How important is wheel alignment?
Think of it this way: Research indicates that the average vehicle is driven about 12,000 miles per year. A car with a toe angle misadjustment of 0.34 degrees (only 0.17 inches) out of specification will drag the tires sideways for more than 68 miles by the end of the year!
What are the “symptoms” of a vehicle with incorrect alignment?
Have your vehicle checked if you notice:
• Excessive or uneven tire wear.
• The vehicle pulls to the left or right.
• Feeling of looseness or wandering.
• Steering wheel vibration or shimmy.
• Steering wheel is not centered when the vehicle is moving straight ahead.
How often should I have my vehicle aligned?
Follow the vehicle manufacturer’s recommendation noted in your owner’s manual. As a general rule, have your wheel alignment checked every 10,000 miles or at least once a year.
The Importance of Total Alignment:
• Reduced Tire Wear: Improper alignment is a major cause of premature tire wear. Over the years, a properly aligned vehicle can add thousands of miles to tire life. Most tires are replaced prematurely due to adverse wear.
• Better Gas Mileage: Gas mileage increases as rolling resistance decreases. Total Alignment sets all four wheels parallel, which along with proper inflation, minimizes rolling resistance.
• Improved Handling: Does your car pull to one side? Do you constantly have to move the steering wheel to keep your car traveling straight ahead? Many handling problems can be corrected by Total Alignment service. With all the vehicle components aligned properly, road shock is more efficiently absorbed for a smoother ride.
• Safer Driving: A suspension system inspection is part of the alignment procedure. This allows worn parts to be detected before they cause costly problems.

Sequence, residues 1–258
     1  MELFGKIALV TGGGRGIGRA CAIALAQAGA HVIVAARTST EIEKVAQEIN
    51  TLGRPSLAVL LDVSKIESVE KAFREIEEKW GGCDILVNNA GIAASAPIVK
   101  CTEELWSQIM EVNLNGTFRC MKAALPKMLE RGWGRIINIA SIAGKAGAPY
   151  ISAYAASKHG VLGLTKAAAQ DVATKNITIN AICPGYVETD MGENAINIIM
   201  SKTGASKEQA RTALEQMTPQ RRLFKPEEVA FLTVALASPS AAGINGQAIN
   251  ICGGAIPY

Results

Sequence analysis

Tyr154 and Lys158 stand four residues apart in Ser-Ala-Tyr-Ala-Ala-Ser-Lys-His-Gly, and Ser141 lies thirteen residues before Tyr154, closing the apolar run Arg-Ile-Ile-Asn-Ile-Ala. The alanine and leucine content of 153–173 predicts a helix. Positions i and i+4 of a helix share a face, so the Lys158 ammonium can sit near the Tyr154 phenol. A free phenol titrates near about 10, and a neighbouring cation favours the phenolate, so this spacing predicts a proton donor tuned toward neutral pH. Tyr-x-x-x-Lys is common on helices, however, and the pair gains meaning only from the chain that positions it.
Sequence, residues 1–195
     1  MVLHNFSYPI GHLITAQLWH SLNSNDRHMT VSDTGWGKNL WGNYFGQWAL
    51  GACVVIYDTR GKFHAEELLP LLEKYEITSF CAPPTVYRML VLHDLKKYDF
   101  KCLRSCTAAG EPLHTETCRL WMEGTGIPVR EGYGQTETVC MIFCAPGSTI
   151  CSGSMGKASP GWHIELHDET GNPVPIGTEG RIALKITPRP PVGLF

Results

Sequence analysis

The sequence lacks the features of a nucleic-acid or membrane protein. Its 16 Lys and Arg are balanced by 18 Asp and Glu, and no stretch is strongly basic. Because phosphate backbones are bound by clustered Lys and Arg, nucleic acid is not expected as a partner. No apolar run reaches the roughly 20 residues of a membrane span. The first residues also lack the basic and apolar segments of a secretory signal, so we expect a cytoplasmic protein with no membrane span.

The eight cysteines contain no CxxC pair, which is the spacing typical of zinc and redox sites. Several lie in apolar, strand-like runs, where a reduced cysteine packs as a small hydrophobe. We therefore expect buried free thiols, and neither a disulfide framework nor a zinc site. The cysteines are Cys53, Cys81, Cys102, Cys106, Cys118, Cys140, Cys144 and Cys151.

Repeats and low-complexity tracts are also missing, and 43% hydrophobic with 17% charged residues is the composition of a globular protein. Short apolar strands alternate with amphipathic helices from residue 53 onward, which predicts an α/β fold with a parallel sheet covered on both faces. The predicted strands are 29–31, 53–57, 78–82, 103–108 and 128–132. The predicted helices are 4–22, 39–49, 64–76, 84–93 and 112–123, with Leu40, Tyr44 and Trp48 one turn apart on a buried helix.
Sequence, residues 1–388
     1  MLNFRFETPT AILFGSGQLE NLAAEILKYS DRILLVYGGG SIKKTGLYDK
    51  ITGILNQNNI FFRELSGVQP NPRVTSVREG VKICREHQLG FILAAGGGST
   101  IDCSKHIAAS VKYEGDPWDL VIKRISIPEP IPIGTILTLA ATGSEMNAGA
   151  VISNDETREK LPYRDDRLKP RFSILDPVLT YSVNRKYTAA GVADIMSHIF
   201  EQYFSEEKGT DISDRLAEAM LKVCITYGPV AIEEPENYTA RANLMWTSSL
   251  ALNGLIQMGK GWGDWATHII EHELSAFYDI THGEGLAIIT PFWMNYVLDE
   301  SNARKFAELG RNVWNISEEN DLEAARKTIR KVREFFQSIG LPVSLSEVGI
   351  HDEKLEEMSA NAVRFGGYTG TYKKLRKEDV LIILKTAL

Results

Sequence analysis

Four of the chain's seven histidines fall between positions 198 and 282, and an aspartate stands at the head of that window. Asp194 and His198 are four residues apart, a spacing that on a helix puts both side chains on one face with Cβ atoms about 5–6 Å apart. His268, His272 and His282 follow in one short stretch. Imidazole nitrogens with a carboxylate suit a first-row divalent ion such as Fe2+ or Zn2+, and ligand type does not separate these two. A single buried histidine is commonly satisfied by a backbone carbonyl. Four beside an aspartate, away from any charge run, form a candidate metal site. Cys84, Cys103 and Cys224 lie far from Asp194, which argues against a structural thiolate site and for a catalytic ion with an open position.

Improve your vehicle’s handling, increase tire life, and drive with safety by checking your tires every month to insure that they are inflated with the right amount of air pressure. We offer a wide range of tires for your vehicle. Let our professionals help you find, balance, and mount the right tires for your car.
Below are some of the tire services you should check regularly:
• Wheel Alignment
• Tire Mounting
• Tire Balancing
• Tire Rotation
• Tire Inspection
We also carry various tire brands. Here are some of the tire brands that we carry:
Tire Guide and Tips: Understanding your Tire
For example, the number may read P225/70-R15, 89H:
• P = Passenger Tire (LT = Light Truck)
• 225 = Overall width of the tire in millimeters
• 70 = Sidewall height (distance from rim to tread) as a percentage of the thread width (known as aspect ratio)
• R = Tire construction, this one is Radial (also, B = Belted Bias, D = Diagonal Bias
• 15 = Represents the size of the wheel in inches
• In this example, the tire has the number 89H. This is the weight capacity of the tire. However, in most cases, you will not see this heading on the sidewall.
• A speed rating is sometimes put in front of the R (or B or D). A straight R rating means that it is rated for speeds of up to 100mph. The manufacturer does not recommended this tire for speeds greater than 100 mph. Other speed ratings are: S=112mph, T=118mph, U=124mph, H=130mph, V=149mph, & a Z rated tire is for speeds in excess of 149mph.
• The V and Z rated tires have excellent dry pavement grip/traction but due to their soft rubber compounds, do not have a long life.
• A tread rating indicates how long a tire should last. This figure is written in small letters on the sidewall of your tire. The higher the number, the longer the tire should last. 100 is the basic tread wear rating.
• The traction rating works just like grading – ‘A’ being the best, ‘B’ is good, and ‘C’ is acceptable. This number is also found on the sidewall.
• Temperature ratings work the same – ‘A’ best, ‘B’ good, ‘C’ acceptable. If you drive your car very hard, you want a temperature rating of ‘A’ because a ‘C’ would fail faster under these conditions. Again, look for this number on the sidewall.
Tire Pressure Monitoring System Can Saves Lives
Most people ignore their tires, yet tires are undoubtedly a critical safety component on a vehicle. Where the rubber meets the road affects traction, handling, steering, stability and braking. Because of this, a sudden tire failure can have serious consequences, especially if it occurs when operating at high speeds.
• Nearly 250,000 accidents occur in the United States per year due to low tire pressure.
• About 75 % of roadside flats are preceded by a slow leak or under inflation.